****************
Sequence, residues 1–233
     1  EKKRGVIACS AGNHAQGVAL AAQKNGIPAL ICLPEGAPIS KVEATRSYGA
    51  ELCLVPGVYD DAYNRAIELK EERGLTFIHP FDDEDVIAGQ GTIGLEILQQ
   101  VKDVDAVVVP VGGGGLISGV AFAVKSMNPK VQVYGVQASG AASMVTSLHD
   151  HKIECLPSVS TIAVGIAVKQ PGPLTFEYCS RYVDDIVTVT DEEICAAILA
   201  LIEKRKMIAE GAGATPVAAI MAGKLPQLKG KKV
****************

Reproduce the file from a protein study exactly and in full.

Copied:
Sequence, residues 1–233
     1  EKKRGVIACS AGNHAQGVAL AAQKNGIPAL ICLPEGAPIS KVEATRSYGA
    51  ELCLVPGVYD DAYNRAIELK EERGLTFIHP FDDEDVIAGQ GTIGLEILQQ
   101  VKDVDAVVVP VGGGGLISGV AFAVKSMNPK VQVYGVQASG AASMVTSLHD
   151  HKIECLPSVS TIAVGIAVKQ PGPLTFEYCS RYVDDIVTVT DEEICAAILA
   201  LIEKRKMIAE GAGATPVAAI MAGKLPQLKG KKV